Interesting Faculty of the Week: Joachim L Grenestedt

“While Ivy League Professors break tensile specimens

Lehigh Professors break world records.”


This is the quote and poster that is pasted on the door of Dr. Grenestedt’s office as breaking world records is a enormous accomplishment for anyone to achieve.

The enclosed streamlined motorcycle, or streamliner, that Joachim Grenestedt built looks like a miniature airplane with no wings. Its tiny cockpit seems far too small to fit a person of average size, much less Grenestedt—who stands 6 feet, 4 inches tall. Grenestedt built the streamliner to set a land speed record, but the contorted position he must assume inside the cockpit hardly permits him to drive, let alone race. He must lie almost flat on his back, and safety restraints are strapped so tightly against his body, arms, ankles, knees and thighs, that he can barely move his left foot to change gears.

Add to this the streamliner’s low center of gravity, which makes the machine difficult to balance and wobbly at low speeds. And steering is a bit counterintuitive: to go left, Grenestedt must steer right, causing the streamliner to lean, and then steer left. None of this kept Grenestedt, a professor of mechanical engineering and mechanics, here at Lehigh

Dr. Grenestedt navigated his streamliner across the snow-white, marvelously even surface of the Bonneville Salt Flats in Utah at a speed of 133.165 miles per hour. He shattered the previous U.S. land speed record of 125.594 mph for 125-cc engines running on gasoline.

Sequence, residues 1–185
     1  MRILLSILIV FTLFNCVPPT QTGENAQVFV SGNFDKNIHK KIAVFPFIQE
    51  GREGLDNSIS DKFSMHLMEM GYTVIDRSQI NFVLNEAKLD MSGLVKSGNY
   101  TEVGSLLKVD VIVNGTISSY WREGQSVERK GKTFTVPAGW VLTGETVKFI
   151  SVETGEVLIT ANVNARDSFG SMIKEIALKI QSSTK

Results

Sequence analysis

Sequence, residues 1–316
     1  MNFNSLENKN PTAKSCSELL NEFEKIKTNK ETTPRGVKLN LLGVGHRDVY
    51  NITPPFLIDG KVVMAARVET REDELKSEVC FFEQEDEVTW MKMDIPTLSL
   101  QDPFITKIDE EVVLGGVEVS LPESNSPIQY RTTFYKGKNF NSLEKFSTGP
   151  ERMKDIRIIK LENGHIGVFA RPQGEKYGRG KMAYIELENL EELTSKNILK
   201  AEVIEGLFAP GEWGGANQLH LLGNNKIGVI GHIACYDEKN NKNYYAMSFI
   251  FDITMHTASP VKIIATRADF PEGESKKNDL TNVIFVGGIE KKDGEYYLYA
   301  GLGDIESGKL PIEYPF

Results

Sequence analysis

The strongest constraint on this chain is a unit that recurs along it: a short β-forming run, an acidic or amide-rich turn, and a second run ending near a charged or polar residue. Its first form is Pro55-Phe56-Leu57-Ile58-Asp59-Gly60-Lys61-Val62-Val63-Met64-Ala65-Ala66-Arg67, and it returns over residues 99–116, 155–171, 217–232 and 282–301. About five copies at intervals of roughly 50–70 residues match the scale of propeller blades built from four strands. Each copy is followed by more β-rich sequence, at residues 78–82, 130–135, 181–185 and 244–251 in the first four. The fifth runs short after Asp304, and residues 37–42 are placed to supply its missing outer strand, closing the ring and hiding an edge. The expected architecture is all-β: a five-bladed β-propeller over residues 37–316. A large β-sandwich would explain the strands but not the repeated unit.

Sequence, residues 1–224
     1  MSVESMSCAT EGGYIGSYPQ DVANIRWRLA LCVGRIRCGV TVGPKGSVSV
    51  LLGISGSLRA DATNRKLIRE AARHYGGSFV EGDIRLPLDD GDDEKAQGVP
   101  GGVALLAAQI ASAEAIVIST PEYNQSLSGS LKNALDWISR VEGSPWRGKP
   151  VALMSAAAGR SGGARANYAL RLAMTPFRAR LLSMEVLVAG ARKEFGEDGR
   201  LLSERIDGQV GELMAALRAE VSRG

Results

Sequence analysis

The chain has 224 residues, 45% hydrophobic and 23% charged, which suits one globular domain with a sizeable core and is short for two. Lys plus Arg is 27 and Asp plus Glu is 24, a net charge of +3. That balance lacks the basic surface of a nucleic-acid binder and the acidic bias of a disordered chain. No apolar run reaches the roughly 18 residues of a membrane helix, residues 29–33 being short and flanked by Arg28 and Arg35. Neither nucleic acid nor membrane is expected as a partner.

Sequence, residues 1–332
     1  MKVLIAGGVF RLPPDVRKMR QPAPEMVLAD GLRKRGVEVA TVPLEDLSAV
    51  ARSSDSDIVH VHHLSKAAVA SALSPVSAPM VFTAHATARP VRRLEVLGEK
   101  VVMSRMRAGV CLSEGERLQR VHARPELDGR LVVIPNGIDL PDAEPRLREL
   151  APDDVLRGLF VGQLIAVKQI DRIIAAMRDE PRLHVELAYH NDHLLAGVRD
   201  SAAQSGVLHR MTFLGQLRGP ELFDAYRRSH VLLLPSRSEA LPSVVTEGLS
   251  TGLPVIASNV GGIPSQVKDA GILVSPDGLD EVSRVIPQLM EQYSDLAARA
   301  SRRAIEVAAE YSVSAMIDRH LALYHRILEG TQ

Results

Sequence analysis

Here is some of Dr. Grenestedt’s Background according to the school website.

Joachim Grenestedt is professor of mechanical engineering and director of Lehigh’s Composites Lab. His expertise is in designing, manufacturing and operating advanced vehicles. Present research focuses on:
– high-speed boats, slamming testing, new structural concepts (steel-composite hybrids), and new vehicle concepts for drastically improved ride (Suspension boats),
– unmanned aircraft for high altitude dynamic soaring,
– unmanned boats for characterizing waves, as well as for harbor patrol and riverine operations,
– unmanned aircraft that can be launched from a cannon.
Since joining Lehigh’s faculty in 2000 he has used composites in the development of innovative designs, from ship hulls to skis to record-breaking streamliners.

As you can see, Dr. Grenestedt is a very accomplished individual. Even though he emphasizes a significant amount on research, he also teaches some very interesting courses like Fundamentals of Aircraft Design which is a course necessary for the Aerospace Minor.

I personally have never had him but have heard many things about him and I cant wait until next year when I am a junior and I am able to learn from this man. Again, not everyone has the opportunity to learn from someone who breaks world records; so why not take this opportunity?